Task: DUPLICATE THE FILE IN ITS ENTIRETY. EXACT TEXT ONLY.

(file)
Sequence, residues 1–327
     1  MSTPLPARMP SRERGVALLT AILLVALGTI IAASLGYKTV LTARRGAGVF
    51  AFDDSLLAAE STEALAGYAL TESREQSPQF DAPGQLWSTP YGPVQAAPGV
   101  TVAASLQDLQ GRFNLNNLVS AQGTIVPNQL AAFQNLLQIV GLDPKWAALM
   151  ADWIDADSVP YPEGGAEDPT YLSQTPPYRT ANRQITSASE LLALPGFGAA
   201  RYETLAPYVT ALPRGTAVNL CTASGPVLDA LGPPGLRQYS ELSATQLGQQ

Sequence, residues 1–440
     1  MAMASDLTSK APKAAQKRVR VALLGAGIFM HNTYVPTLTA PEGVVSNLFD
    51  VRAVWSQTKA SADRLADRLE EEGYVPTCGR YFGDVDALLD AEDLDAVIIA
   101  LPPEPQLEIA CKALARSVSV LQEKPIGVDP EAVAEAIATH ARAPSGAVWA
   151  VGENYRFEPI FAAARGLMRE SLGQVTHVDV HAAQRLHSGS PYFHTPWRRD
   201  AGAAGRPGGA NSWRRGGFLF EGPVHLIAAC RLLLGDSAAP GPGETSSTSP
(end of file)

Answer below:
Sequence, residues 1–327
     1  MSTPLPARMP SRERGVALLT AILLVALGTI IAASLGYKTV LTARRGAGVF
    51  AFDDSLLAAE STEALAGYAL TESREQSPQF DAPGQLWSTP YGPVQAAPGV
   101  TVAASLQDLQ GRFNLNNLVS AQGTIVPNQL AAFQNLLQIV GLDPKWAALM
   151  ADWIDADSVP YPEGGAEDPT YLSQTPPYRT ANRQITSASE LLALPGFGAA
   201  RYETLAPYVT ALPRGTAVNL CTASGPVLDA LGPPGLRQYS ELSATQLGQQ

Sequence, residues 1–440
     1  MAMASDLTSK APKAAQKRVR VALLGAGIFM HNTYVPTLTA PEGVVSNLFD
    51  VRAVWSQTKA SADRLADRLE EEGYVPTCGR YFGDVDALLD AEDLDAVIIA
   101  LPPEPQLEIA CKALARSVSV LQEKPIGVDP EAVAEAIATH ARAPSGAVWA
   151  VGENYRFEPI FAAARGLMRE SLGQVTHVDV HAAQRLHSGS PYFHTPWRRD
   201  AGAAGRPGGA NSWRRGGFLF EGPVHLIAAC RLLLGDSAAP GPGETSSTSP